Don’t overexert yourself too quickly. You don’t want to unintentionally hurt yourself.

Lifestyle Changes

There are risk factors that can make your PAD worse, including:

  • A history of heart disease or diabetes
  • High blood pressure
  • Smoking

The prevalence of PAD increases as you grow older. About 30 to 40% of patients present with claudication symptoms. The number of vascular risk factors you exhibit can increase your risk as well. 

To ease your peripheral artery disease symptoms, you might want to make a few lifestyle changes.

Each time you smoke, your blood vessels will constrict even more. This process can increase your blood pressure. Your risk of heart attack and stroke increase as well. 

Once you quit smoking, it can restore your blood flow and circulation. It can also help reduce the progression of your disease. Quitting smoking can improve your overall health.

Look for ways that can curb your cravings, including patches, nicotine gum, or sprays. There are medications that could help, too.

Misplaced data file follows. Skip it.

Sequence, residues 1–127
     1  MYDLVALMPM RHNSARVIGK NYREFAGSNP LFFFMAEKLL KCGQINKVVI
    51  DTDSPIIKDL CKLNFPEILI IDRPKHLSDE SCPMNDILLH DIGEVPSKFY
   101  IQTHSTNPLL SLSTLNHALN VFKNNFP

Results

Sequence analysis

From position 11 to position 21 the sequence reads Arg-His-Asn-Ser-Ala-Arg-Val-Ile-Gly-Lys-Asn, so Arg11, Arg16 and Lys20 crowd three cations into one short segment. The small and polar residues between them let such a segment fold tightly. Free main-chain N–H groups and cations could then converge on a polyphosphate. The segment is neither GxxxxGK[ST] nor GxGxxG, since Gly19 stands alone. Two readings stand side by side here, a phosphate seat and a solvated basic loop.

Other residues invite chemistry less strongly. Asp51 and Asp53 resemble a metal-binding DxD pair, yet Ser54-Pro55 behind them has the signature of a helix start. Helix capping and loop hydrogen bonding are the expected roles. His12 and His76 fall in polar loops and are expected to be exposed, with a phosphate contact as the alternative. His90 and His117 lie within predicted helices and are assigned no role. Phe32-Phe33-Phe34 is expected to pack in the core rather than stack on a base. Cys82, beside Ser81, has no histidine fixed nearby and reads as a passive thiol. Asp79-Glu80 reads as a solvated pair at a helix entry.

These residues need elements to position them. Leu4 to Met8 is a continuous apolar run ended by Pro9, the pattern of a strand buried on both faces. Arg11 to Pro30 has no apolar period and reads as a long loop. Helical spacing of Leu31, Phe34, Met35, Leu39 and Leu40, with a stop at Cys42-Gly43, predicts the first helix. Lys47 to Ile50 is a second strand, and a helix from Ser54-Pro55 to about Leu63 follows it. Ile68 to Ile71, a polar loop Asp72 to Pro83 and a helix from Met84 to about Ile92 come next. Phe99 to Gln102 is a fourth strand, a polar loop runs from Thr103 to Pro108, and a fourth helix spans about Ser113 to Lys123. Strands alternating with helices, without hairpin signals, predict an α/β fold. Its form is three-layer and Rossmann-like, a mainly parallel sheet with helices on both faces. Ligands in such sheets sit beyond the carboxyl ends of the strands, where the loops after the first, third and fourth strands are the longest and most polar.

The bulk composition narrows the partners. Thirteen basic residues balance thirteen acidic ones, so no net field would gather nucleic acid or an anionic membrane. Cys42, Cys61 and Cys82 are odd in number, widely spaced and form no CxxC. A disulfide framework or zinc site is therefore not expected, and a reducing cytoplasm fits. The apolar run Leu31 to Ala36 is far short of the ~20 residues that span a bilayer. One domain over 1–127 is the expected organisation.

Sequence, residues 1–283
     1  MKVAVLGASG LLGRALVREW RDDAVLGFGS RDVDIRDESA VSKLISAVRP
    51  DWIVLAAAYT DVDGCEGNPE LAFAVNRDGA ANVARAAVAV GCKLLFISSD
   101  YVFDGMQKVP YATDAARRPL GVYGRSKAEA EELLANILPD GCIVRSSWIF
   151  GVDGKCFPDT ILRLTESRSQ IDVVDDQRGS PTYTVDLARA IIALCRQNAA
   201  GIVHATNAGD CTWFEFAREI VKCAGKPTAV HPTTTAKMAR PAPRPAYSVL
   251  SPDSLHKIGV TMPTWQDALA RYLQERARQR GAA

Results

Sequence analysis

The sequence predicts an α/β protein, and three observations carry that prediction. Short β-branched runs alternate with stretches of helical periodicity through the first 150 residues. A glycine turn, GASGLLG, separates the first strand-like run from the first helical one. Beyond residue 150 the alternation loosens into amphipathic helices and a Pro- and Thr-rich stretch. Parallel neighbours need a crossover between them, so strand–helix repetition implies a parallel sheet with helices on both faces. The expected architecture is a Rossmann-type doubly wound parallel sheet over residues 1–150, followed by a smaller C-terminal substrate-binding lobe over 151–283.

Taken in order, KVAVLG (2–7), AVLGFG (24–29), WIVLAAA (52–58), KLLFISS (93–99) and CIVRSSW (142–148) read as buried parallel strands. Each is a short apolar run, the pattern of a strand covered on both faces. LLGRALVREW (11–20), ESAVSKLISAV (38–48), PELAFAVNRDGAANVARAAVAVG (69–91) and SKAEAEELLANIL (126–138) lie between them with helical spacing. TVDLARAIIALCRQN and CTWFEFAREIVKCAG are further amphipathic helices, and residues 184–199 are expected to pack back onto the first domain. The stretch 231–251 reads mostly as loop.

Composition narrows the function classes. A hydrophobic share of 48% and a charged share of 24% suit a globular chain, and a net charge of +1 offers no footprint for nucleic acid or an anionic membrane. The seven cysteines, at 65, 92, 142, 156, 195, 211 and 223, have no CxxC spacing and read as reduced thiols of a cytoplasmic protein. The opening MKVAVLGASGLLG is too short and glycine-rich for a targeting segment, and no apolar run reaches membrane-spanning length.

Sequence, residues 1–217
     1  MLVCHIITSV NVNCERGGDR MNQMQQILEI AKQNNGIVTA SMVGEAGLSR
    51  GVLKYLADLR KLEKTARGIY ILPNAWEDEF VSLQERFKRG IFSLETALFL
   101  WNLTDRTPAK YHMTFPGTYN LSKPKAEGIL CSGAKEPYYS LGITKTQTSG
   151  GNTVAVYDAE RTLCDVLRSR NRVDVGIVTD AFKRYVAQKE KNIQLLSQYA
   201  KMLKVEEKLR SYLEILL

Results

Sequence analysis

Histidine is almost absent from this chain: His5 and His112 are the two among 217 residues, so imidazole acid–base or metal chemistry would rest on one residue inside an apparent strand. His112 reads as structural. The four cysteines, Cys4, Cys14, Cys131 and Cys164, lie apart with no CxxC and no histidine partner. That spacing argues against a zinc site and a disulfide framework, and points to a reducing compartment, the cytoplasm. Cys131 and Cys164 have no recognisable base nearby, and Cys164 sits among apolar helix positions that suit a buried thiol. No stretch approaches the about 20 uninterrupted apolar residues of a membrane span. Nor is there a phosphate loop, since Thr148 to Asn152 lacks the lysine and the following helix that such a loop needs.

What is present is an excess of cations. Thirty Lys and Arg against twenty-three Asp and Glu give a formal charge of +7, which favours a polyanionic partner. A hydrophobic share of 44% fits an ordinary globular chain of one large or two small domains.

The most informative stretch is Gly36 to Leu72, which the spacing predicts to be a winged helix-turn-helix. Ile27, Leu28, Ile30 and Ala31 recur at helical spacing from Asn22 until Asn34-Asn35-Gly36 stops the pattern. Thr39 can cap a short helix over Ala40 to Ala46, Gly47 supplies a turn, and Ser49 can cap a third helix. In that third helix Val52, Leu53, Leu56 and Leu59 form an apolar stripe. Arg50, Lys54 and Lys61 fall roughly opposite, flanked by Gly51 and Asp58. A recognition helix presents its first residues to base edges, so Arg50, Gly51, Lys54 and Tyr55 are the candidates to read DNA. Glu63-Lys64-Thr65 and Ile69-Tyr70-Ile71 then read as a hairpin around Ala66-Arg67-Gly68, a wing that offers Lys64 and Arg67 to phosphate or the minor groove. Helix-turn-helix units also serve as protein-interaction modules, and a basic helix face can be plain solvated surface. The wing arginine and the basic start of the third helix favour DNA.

It also helps to adjust your diet. A healthy diet can slow the progression of PAD.

Are you eating foods that are high in sodium and fat? These foods could boost your blood pressure and cholesterol levels. The plaque in your arteries might rise.

Try to eat healthy foods like:

  • Omega-3 fatty acids (found in fish like salmon)
  • Lean proteins
  • Fresh fruits and vegetables
  • Whole-wheat rains
  • Low-fat or fat-free dairy

Otherwise, avoid foods that can impact your cholesterol, such as fried or junk foods. These can include refined carbs, processed meats, and chips.

Foot Care

People who have PAD and diabetes are at higher risk of poor healing. You might develop sores and injuries on your legs and feet without realizing it. Your reduced blood circulation can make it difficult for you to heal from these injuries.